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Male Violence

Male Violence


A great many of the problems that plague our nation and the world are rooted in a propensity for violence. The vast majority of these problems are created by or perpetuated by men. Men who turn too easily toward violence.

A partial inventory:

An unmitigated epidemic of gun violence
A brutal attack on Israel
An even more brutal response by Israel
Threats by MAGA against anyone challenging Trump and Trumpism
Violent kids requiring police in schools
Violent police killing and assaulting innocent folks
Russia’s unprovoked and criminal invasion of Ukraine
Violent assaults on LGBTQ+ folks
Violent assaults on AAPI folks
Rampant sexual assault – affecting at least 13% of all women in the U.S.
Genital mutilation – WHO estimates that 140,000,000 women and girls have been victims

Add your own examples and review the entire list to estimate the masculine percentage.

One might well identify various rationales for each category: Religious zealotry; racism; sexism; social maladaptation; greed; power . . .

But while each of these rationales exists within all genders, the predominant male expression is through violence. Why is that so? Testosterone is properly cited, but its effect is partial. Testosterone is universal, but male violence has a high degree of cultural variability.

Researchers at Oxford University suggest dual sociological factors:

Sexual-selection theory says that males are competing for reproductive success, so are more aggressive generally and especially to other males. It’s human nature.

Social-role theory says that differences are sociological, based on traditional divisions of labour. Socialisation shapes gender specific identities, expectations and behaviour. So it’s nurture – how we’re brought up.

It is the latter point that inspires this post. I will be specific to Western societies, particularly our own.

In response to a recent piece, Uncomfortable Truth, my cousin Pat Schenck, a life-long peace activist, wrote: “Amen, Steve. I have given much thought to how we change the perception that what works is violence. Perhaps the best answer is teaching kids to deal peacefully and effectively with conflict. If people don’t know any alternatives, they will, of course, rely on brute force to make them feel safe.” Amen, Pat.

There are some advances in offering conflict resolution training to kids and adults. It is, quite ironically, most likely to be found in communities and schools of privilege, where the conditions fueling anger and violence are less likely. But I wonder if any such sincere efforts can overcome the utter saturation of popular culture with violence, for sport and entertainment.

Researchers equivocate about the link, for example, between violent video games and violent acts by game players. It seems intuitively certain, or at least highly probable, that one makes the other more likely, however infrequent the direct linkage. But the debate is irrelevant, as the violent games are but a subset in an overwhelming number of indirect causal factors.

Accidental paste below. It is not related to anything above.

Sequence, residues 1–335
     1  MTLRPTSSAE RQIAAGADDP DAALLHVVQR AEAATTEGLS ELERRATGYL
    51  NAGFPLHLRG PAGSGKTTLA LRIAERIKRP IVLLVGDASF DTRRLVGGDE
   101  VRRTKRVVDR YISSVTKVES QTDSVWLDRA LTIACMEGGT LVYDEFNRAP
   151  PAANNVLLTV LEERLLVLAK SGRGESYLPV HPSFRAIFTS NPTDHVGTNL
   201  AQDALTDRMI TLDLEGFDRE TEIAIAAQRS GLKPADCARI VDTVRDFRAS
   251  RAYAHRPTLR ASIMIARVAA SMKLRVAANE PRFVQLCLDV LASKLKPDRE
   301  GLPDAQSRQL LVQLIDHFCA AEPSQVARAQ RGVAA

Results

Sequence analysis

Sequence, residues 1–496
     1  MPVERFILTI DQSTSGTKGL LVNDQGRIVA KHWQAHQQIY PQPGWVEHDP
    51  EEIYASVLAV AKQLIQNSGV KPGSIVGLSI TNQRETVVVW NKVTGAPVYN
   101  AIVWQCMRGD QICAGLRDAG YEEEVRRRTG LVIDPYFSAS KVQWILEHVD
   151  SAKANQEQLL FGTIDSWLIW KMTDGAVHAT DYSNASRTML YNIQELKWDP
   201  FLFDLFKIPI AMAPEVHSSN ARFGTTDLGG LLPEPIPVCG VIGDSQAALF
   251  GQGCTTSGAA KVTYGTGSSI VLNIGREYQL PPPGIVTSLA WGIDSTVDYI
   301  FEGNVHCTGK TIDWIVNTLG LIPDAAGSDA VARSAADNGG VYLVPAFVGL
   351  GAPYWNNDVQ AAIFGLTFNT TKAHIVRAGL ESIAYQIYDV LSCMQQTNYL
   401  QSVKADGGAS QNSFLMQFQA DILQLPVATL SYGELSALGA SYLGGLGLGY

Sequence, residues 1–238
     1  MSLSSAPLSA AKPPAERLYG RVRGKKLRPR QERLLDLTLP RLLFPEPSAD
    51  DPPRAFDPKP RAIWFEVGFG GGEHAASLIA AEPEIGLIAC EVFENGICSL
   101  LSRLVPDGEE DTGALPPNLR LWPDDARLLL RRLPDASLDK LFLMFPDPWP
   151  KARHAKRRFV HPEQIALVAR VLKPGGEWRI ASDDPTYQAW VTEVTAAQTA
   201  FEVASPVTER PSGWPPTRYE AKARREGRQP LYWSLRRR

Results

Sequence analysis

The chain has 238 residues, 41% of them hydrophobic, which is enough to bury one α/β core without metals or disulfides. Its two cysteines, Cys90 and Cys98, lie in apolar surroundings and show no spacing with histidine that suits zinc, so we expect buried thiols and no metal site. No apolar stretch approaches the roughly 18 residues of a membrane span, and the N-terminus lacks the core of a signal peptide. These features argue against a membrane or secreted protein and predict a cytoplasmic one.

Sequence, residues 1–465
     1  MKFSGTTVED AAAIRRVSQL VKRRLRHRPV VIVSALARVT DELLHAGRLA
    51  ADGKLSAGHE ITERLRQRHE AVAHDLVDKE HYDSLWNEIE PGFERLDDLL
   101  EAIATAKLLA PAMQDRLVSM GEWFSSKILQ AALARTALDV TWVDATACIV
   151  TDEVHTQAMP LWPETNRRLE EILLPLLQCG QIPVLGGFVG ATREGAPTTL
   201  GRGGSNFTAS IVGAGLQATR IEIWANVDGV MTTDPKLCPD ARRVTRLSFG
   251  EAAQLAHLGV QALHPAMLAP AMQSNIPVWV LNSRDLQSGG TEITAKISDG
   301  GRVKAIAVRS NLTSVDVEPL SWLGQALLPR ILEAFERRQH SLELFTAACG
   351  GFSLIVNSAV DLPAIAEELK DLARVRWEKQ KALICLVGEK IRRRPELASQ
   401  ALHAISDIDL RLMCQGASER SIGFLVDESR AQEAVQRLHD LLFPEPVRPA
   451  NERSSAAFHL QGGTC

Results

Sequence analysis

Even the youngest boys are exposed to brutal mixed martial “arts” fighters with angry tattoos, angry scowls, angry scars and angry fans. There is no subtlety to their resolution of conflict. They see a former and aspiring leader exhorting his followers to violence and intimidation. TikTok and other social media show street fights and rumbles in school. Fighting sells tickets at all levels of hockey.

Most boys are raised with the notion that “getting even” is a nearly noble achievement. “Take it outside,” “Settle it on the playground,” and “Stand up for yourself” are typical directives given boys, often by both men and women, in and out of school.

As the overused but apt saying goes, “If your only tool is a hammer, every problem is a nail to be pounded.”

There appears to be no national appetite for monitoring or prohibiting violent content in any form. The measures that exist are intentionally pathetic and unenforceable. My 8 year-old grandson, for example, is 24 years-old on Facebook (an account I think he never uses, thank goodness). Video game manufacturers cater to young boys and build massive loopholes into all rating and enforcement mechanisms.

I agree with cousin Pat’s hope for widespread teaching of alternatives to force. I hope, but am not hopeful. Even boys exposed to such programs in school will exit to the “real world,” where yielding is derided, compromise is weakness, and winning is the only true virtue.

The primary impact any of us can have is to gently counter the cultural messages whenever possible. Boys don’t need video games, but if restriction is impossible, at least comment on how ugly it is – and perhaps have a discussion. Turn off a violent ad on television. Don’t watch martial “arts” and think your small son is not absorbing it. He is. Don’t buy toy guns, even though boys will find another implement as surrogate. But your gentle disapproval will be imprinted.

We can provide kids with examples of conflict resolution in our own lives.

Perhaps we older folks can’t change the world. But we have to try – one boy at a time.






Steve Nelson
Steve Nelson is a retired educator, author, and newspaper columnist. He and his wife Wendy moved to Erie from Manhattan in 2017 to be near family. He was a serious violinist and athlete until a catastrophic mountain bike accident in 2020. He now specializes in gratitude and kindness.

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